On Borders and Reconciliation
October 1, 2012
“…and entrusting the message of reconciliation to us. 20So we are ambassadors for Christ, since God is making his appeal through us; we entreat you on behalf of Christ, be reconciled to God.”
2 Corinthians 5:19b─20 (NRSV)
The official title of one country’s representative to another is “ambassador plenipotentiary,” designating the full authority the ambassador has to represent the sending government. Being an ambassador is a life and death proposition, as we saw recently with the death of U.S. Ambassador J. Christopher Stevens in Libya, a country that he helped just a few months ago secure its own freedom.
As Moderator of the 220th General Assembly (2012), I’m tasked to serve as an ambassador. It’s tough going bringing the message of reconciliation and calling factions in the church to live together in “unity with difference.”
In just two weeks, I’ve been to two borders. In Juarez, Mexico, I stood in the most dangerous neighborhood in one of the world’s most dangerous cities wracked by drug cartel violence. At the border between Juarez and El Paso, Texas, is this vivid reminder, a cross with iron nails as a visible memorial of the thousands of women who have been massacred by cartels.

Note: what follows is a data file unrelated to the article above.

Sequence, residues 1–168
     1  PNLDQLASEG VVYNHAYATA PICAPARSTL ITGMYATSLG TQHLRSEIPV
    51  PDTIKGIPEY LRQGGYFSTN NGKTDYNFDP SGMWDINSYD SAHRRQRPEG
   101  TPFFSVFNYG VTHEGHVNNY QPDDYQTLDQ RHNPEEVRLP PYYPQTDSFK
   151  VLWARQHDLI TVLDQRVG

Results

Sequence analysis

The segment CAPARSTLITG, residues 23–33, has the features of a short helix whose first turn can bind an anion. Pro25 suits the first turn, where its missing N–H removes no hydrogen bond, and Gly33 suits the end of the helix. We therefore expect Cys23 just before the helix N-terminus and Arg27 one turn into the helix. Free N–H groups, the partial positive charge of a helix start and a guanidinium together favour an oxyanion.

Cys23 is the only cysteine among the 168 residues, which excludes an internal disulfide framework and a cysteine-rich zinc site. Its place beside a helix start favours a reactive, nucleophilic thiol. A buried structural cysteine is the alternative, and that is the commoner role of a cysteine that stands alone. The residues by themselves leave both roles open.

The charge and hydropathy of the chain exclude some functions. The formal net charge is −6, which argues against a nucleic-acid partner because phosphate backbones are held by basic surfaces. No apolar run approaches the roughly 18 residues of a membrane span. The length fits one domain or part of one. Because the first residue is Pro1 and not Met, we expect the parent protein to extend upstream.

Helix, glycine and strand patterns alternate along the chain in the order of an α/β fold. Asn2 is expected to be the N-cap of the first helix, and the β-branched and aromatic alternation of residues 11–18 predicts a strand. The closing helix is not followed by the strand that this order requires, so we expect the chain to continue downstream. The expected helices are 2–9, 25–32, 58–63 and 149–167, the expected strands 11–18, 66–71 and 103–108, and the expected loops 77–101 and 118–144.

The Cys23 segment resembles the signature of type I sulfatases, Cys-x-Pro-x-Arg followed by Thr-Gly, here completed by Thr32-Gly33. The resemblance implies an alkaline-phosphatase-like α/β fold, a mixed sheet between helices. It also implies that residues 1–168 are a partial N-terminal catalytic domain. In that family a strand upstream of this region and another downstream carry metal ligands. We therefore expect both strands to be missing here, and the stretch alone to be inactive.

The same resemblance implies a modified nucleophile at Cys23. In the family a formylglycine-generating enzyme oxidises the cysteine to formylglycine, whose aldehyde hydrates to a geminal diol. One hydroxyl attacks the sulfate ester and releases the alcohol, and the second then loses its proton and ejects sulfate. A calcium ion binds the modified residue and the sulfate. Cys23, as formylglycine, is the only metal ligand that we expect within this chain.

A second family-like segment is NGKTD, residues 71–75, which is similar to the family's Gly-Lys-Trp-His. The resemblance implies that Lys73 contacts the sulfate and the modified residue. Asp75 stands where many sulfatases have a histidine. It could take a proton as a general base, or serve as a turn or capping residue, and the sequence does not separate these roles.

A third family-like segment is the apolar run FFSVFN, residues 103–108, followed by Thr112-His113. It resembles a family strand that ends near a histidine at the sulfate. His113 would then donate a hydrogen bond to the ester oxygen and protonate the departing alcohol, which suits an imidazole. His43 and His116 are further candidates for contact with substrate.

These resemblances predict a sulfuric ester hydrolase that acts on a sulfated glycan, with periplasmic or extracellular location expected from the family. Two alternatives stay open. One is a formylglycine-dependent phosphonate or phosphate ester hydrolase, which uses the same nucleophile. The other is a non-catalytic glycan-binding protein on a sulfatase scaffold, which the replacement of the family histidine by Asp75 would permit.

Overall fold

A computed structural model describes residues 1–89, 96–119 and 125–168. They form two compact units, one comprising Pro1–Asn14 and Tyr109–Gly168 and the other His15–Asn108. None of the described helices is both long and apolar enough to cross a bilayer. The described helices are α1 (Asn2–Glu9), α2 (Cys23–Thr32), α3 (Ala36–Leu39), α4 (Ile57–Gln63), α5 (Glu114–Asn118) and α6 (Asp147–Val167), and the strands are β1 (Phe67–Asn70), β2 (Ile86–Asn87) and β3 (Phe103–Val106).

Then there is this graphic painting within a women’s shelter; a portrayal of the thousands of mutilated women found near the maquiladoras (transnational corporation factories), killed by cartels, under the watching, impotent eye of government and police unwilling or unable to do anything about it.
At the 38th parallel, where North and South Korea meet, I witnessed this: A wooden plank separates the soldiers as they stare down at each other in a battle pose for two hour shifts, ready to pull out their pistols at a moment’s notice. They stand a mere few feet away from each other—and could even be brothers—but are not able to know it or speak it.
I cannot help but lament at the tragedy of borders—lines drawn—and the harm we as human beings do to one another.
Over the next few months, Vice Moderator Trinidad and I will be convening a table of progressive and conservative leaders to talk. Sadly some have declined to be a part of that table. As ambassador, I call upon all of us to heed the gospel’s message: that we have been reconciled to Christ and to one another. Let us begin the very difficult work of living into that already-accomplished reconciliation, lest we inflict further violence on the body of Christ and the witness of the gospel. I entreat you on behalf of Christ, be reconciled to God.